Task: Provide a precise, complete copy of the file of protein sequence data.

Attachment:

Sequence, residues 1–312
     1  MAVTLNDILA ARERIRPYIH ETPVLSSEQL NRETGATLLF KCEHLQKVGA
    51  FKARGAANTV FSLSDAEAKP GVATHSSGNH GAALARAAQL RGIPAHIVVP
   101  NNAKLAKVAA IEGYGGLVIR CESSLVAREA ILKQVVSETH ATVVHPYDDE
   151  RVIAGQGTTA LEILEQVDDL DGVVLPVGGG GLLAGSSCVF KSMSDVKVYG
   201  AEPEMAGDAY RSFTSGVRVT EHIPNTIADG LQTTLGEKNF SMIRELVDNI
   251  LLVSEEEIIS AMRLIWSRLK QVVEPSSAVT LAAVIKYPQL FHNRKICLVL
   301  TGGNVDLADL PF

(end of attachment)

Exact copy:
Sequence, residues 1–312
     1  MAVTLNDILA ARERIRPYIH ETPVLSSEQL NRETGATLLF KCEHLQKVGA
    51  FKARGAANTV FSLSDAEAKP GVATHSSGNH GAALARAAQL RGIPAHIVVP
   101  NNAKLAKVAA IEGYGGLVIR CESSLVAREA ILKQVVSETH ATVVHPYDDE
   151  RVIAGQGTTA LEILEQVDDL DGVVLPVGGG GLLAGSSCVF KSMSDVKVYG
   201  AEPEMAGDAY RSFTSGVRVT EHIPNTIADG LQTTLGEKNF SMIRELVDNI
   251  LLVSEEEIIS AMRLIWSRLK QVVEPSSAVT LAAVIKYPQL FHNRKICLVL
   301  TGGNVDLADL PF